In recent years, she says, there has been an increase in merger activities as schools look for critical mass on both their home market and on the international market – or even, in some cases, seek to secure their survival. “This trend will continue and become even more common,” she says.

The increasing importance of accreditation has also driven schools to gain more critical mass in terms of students, faculty and research activities, says Ms Fournier. In some cases, the Bologna accord has prompted schools to consider taking over small schools so they can offer all levels of management education – bachelor, master and doctorate.

The turn of the millennium brought a wave of business school mergers in France, as the local chambers of commerce that own or part own many of them realised the schools needed substantial assets and resources to attract the brightest – both students and faculty – and critical mass to operate internationally.

Thus, the Tours and Poitiers schools came together to form Escem School of Business and Management, while in Paris, four schools run by the Paris chamber of commerce were reduced to two as HEC merged with CPA while ESC de Paris joined with EAP.

The more recent takeover of Esidec, based in Metz, by ICN Business School, at Nancy, typified this trend. Following a two-year alliance between the two schools, Esidec’s main stakeholder, the local chamber of commerce, decided a year ago that it wanted to “externalise” the school to an institution such as ICN, explains Thomas Froehlicher, ICN’s dean.

“Many [chambers of commerce] are thinking about the costs of their business school and are hesitating about investing because generally they are the only stakeholder and have to support a large amount of the budget,” he says. While a few chambers believe it is important to have a school of international dimensions, others do not want to pursue this objective and look to share costs or even to divest their school.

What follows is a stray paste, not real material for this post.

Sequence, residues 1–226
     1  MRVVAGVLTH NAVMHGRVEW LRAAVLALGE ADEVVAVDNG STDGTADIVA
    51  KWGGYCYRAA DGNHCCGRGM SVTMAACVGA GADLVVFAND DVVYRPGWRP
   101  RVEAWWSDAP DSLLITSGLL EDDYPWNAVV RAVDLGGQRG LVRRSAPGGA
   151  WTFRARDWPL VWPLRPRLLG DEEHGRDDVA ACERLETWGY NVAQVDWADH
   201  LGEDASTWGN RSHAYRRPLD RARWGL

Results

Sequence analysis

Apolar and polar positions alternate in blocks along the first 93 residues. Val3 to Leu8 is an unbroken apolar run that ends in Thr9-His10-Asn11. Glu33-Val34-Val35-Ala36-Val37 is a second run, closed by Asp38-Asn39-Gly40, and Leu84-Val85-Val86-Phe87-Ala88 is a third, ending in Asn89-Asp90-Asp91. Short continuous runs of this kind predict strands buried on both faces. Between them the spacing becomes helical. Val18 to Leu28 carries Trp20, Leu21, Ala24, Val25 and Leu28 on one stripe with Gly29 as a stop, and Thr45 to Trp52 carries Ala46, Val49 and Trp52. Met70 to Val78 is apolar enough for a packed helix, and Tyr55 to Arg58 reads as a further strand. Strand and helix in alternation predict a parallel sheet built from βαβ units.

Prof Froehlicher notes two advantages of the takeover for ICN beyond the simple increase in its critical mass. First, there is the content aspect – Esidec specialised in the key area of supply chain management. Secondly, the new dual location of Nancy and Metz brings ICN closer to potential customers in Luxembourg and Germany, and broadens the availability of regional support.

On the other side of the country, meanwhile, the Nantes region chamber of commerce was a big influence in the creation this year of a new group structure that will bring a communications school and a bachelor-level school under the management of Audencia Nantes. The chamber plays a governance role at all three schools.

Other schools have yet to carry out any mergers or alliances, but are discussing the issue actively as they want to expand but understand they cannot do that alone. Also they have realised that for both governance and financial reasons, the chamber of commerce cannot be the school’s only owner.

One such is Reims Management School. François Bonvalet, dean, says: “We have not yet decided what to do, but I’m sure that in the next five years, we will have to do something, because we have to increase the number of applicants.”

Questions to be considered, he says, include the size and portfolio of the other institution – is it better to merge with a similar school or one that supplements existing activities? And is it more important, as a first step, to focus domestically or abroad?

Mr Bonvalet points out some obstacles, however. One could be differing styles of governance, especially between a university-based school and a private one. A second could be opposition from alumni, he says: “It might be quite evident to say that ‘les trois Parisiennes’ – HEC, Essec and ESCP-EAP – have to merge to become more visible. Nevertheless they don’t merge because of the pressure of the alumni associations. The alumni don’t want it – they say ‘If you merge, I will lose all my value.’”